Theravada and Mahayana Buddhism
Christopher Neil Hatcher
Ever since its founding in 500 BCE, Buddhism has led people to open their minds and work toward their liberation from suffering. However, not all people agree with one another on how to achieve this liberation. These varying opinions led to the formation of the two major schools of Buddhism, Mahayana and Theravada. These two schools of thought disagree on the role of laymen; rules for the monks and nuns; and as to what classifies as actual Buddhist teachings, regardless of what the Buddha really taught.
In southeastern Asia, Theravada Buddhism reigns supreme. Adherents follow what the Buddha laid as the foundation for laymen; non-monastics are to provide sustenance, in the form of alms, for monks. In northern and eastern Asia, the Mahayana allows lay people to participate in spiritual matters usually left to those who have embraced the holy life. This idea comes from later students of Buddhist thought, rather than from the Buddha himself.
Rules given by the Buddha to monks and nuns are very strict. The Buddha gave permission for future generations to alter minor rules to accommodate changes in society. Unfortunately, he did not specify which rules were minor. This being the case, the Theravada school has changed very few rules. The Mahayana has altered many, some of which the Theravada consider major rules, leading to debates between the two.
The earliest Buddhist scriptures were recorded around 400-300 BCE. They were written in a language known as Pali, hence the common name of the scriptures, the Pali Canon. Since then, many people have added new scriptures. The Theravada community accepts only the older Pali Canon as legitimate Buddhist scripture. They also use commentaries written by distinguished scholars, but only as guides to help understand the vast Pali Canon. The Mahayana use the Pali Canon and other scriptures as a source for real Buddhist knowledge. They believe them to be authentic teachings of the Buddha, although secular history insists that these newer writings are the work of Buddhist students.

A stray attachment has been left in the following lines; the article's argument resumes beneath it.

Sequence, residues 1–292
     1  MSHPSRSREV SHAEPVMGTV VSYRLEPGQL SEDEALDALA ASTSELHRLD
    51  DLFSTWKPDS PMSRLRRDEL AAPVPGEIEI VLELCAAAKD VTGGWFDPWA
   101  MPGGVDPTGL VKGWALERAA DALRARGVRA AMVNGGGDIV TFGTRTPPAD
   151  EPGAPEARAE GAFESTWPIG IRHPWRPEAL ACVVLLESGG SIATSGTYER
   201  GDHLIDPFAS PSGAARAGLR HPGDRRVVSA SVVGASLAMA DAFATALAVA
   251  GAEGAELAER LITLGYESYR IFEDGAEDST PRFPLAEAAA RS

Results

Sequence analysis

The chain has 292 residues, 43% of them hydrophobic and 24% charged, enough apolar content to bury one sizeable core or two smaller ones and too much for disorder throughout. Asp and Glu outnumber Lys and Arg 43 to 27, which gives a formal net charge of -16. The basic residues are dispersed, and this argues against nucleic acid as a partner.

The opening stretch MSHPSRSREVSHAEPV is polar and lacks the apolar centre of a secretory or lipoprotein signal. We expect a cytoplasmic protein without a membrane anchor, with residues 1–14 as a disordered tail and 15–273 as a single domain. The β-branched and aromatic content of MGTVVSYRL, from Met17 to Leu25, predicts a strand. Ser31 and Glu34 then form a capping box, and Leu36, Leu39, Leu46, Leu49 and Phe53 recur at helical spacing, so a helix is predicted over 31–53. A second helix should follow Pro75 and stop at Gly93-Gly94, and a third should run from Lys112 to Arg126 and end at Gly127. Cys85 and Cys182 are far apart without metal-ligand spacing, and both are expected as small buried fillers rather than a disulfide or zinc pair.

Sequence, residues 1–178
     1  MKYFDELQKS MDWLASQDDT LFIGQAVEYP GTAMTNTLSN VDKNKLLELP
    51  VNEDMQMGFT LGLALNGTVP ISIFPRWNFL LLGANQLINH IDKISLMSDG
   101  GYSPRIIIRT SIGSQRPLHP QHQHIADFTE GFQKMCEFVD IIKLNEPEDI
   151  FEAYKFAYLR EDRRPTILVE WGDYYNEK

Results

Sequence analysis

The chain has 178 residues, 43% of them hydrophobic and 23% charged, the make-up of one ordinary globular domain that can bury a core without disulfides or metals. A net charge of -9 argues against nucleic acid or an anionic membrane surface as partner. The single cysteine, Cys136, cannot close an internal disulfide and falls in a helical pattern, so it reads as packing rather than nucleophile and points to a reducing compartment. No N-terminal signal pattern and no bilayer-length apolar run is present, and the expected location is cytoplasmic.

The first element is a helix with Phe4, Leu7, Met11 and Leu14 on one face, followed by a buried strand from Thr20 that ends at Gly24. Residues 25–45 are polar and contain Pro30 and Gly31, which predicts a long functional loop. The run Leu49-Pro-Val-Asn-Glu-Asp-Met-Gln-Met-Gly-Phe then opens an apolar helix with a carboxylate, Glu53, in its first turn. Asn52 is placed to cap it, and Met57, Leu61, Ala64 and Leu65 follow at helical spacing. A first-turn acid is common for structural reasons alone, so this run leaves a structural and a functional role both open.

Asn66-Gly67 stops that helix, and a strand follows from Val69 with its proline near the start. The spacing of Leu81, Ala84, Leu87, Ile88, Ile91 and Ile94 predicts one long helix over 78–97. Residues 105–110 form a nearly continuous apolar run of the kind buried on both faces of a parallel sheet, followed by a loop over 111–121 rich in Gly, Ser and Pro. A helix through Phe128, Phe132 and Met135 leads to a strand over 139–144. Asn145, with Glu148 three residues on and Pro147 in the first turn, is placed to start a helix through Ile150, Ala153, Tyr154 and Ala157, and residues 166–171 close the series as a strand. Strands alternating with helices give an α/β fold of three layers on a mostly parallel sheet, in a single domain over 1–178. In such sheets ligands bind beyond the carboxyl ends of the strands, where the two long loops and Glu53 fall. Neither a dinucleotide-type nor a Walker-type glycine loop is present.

Since the schism between Theravada and Mahayana schools, debate over who has the authentic teachings of the Lord Buddha have developed. With differences in the roles of laymen, the changes of rules for monastics, and concern over the authenticity of scripture, it seems that the two groups will never reach consensus. However, using history as a guide, one can see that Theravada has changed the least in the past 2,000 years, which is when the split between the two great schools occurred. This leads to the conclusion that Theravada Buddhism in the most authentic form of Buddhism practiced today.
Christopher Neil Hatcher, at the time of this writing a freshman in
Philosophy, wrote "Theravada and Mahayana Buddhism" for Dr. Marsha
Mathews' ENGL 1101 class during fall 2002 semester.
Christopher Neil Hatcher, at the time of this writing a freshman in Philosophy, wrote "Theravada and Mahayana Buddhism" for Dr. Marsha Mathews' ENGL 1101 class during fall 2002 semester.